Of Cuffs and Custodians

Anne MacNamara The sight of Texas researcher Thomas Butler led away in handcuffs, an image broadcast across America earlier this year, shows that US regulators are serious about stricter laboratory security.1 Colleagues describe Butler, chief of the infectious disease division in the Texas Tech University Department of Internal Medicine, as a talented scientist long devoted to defeating plague. But the September 2001 terrorist attacks transformed plague from a scourge of the Third World into

Peg Brickley
May 18, 2003
Anne MacNamara


The sight of Texas researcher Thomas Butler led away in handcuffs, an image broadcast across America earlier this year, shows that US regulators are serious about stricter laboratory security.1 Colleagues describe Butler, chief of the infectious disease division in the Texas Tech University Department of Internal Medicine, as a talented scientist long devoted to defeating plague. But the September 2001 terrorist attacks transformed plague from a scourge of the Third World into a potential weapon of mass destruction in the eyes of regulators.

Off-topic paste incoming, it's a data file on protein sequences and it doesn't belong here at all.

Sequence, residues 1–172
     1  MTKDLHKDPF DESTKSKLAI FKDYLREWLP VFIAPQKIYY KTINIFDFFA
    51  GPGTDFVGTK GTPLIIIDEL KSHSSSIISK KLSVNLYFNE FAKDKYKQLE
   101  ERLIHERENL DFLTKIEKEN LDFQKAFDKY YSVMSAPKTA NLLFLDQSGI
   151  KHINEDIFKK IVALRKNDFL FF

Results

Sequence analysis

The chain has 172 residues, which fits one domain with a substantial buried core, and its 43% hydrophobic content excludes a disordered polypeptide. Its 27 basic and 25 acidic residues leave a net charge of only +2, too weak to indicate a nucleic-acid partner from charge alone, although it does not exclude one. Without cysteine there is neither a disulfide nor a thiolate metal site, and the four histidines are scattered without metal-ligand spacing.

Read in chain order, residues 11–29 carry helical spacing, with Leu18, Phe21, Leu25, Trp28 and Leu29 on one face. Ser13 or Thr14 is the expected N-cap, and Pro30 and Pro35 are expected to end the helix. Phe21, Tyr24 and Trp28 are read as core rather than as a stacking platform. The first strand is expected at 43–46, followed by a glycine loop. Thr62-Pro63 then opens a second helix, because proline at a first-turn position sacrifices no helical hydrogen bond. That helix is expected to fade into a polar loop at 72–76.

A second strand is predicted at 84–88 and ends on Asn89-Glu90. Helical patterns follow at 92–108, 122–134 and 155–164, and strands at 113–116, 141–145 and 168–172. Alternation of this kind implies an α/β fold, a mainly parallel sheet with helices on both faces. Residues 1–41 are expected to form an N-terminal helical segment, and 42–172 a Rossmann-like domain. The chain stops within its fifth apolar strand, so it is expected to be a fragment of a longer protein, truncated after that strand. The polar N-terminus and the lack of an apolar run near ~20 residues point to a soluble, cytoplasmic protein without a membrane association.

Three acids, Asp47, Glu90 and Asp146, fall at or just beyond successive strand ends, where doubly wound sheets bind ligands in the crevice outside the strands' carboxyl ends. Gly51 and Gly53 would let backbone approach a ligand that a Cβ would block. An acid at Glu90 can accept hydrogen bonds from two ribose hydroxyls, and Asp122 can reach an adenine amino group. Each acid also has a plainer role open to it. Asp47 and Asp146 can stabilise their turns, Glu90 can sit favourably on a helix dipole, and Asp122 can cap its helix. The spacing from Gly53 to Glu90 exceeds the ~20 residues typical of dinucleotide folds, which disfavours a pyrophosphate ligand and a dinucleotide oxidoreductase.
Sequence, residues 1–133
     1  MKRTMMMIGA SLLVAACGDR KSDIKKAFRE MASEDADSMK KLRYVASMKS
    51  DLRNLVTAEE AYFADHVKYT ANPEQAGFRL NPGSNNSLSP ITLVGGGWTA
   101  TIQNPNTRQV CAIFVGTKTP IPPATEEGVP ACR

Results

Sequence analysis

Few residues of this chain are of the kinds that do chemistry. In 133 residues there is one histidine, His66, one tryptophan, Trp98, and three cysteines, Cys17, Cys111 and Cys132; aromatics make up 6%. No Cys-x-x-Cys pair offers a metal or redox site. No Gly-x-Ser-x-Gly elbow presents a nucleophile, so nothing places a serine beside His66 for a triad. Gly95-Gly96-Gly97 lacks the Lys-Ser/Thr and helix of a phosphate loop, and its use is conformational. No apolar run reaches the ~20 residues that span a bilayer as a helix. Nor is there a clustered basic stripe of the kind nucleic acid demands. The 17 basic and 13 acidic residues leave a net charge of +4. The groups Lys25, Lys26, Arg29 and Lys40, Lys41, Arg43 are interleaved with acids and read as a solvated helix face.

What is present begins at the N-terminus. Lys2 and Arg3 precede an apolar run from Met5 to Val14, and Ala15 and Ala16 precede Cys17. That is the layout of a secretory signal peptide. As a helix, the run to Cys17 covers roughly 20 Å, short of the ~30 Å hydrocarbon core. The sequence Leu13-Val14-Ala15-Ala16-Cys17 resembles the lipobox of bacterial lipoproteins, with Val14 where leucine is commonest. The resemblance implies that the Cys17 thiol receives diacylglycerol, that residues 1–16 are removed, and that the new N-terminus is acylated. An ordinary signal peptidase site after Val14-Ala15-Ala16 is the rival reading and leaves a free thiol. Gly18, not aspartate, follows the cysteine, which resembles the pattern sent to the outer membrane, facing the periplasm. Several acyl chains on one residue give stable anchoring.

A federal grand jury indicted Butler last month on 15 counts, including smuggling, lying to federal agents, illegally transporting biohazards, and tax fraud, according to the Avalanche Journal of Lubbock, Texas. None of the charges target terrorism or suggest that Butler infected anyone with plague; nor do they allege that he violated new select-agent regulations that took effect in February. Butler faces allegations fashioned...

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